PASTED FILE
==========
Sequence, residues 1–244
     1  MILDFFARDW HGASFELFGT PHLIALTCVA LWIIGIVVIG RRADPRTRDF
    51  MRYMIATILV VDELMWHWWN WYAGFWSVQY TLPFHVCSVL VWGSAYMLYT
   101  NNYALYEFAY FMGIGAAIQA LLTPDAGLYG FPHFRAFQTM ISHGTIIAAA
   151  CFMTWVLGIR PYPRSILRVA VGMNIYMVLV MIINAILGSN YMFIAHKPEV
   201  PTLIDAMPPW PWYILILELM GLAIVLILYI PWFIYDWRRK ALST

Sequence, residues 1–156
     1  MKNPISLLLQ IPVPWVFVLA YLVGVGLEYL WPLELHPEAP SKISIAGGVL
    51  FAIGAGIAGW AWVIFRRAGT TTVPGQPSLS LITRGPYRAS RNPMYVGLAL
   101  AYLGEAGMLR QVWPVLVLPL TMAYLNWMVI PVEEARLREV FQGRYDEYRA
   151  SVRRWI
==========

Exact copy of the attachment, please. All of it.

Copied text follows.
Sequence, residues 1–244
     1  MILDFFARDW HGASFELFGT PHLIALTCVA LWIIGIVVIG RRADPRTRDF
    51  MRYMIATILV VDELMWHWWN WYAGFWSVQY TLPFHVCSVL VWGSAYMLYT
   101  NNYALYEFAY FMGIGAAIQA LLTPDAGLYG FPHFRAFQTM ISHGTIIAAA
   151  CFMTWVLGIR PYPRSILRVA VGMNIYMVLV MIINAILGSN YMFIAHKPEV
   201  PTLIDAMPPW PWYILILELM GLAIVLILYI PWFIYDWRRK ALST

Sequence, residues 1–156
     1  MKNPISLLLQ IPVPWVFVLA YLVGVGLEYL WPLELHPEAP SKISIAGGVL
    51  FAIGAGIAGW AWVIFRRAGT TTVPGQPSLS LITRGPYRAS RNPMYVGLAL
   101  AYLGEAGMLR QVWPVLVLPL TMAYLNWMVI PVEEARLREV FQGRYDEYRA
   151  SVRRWI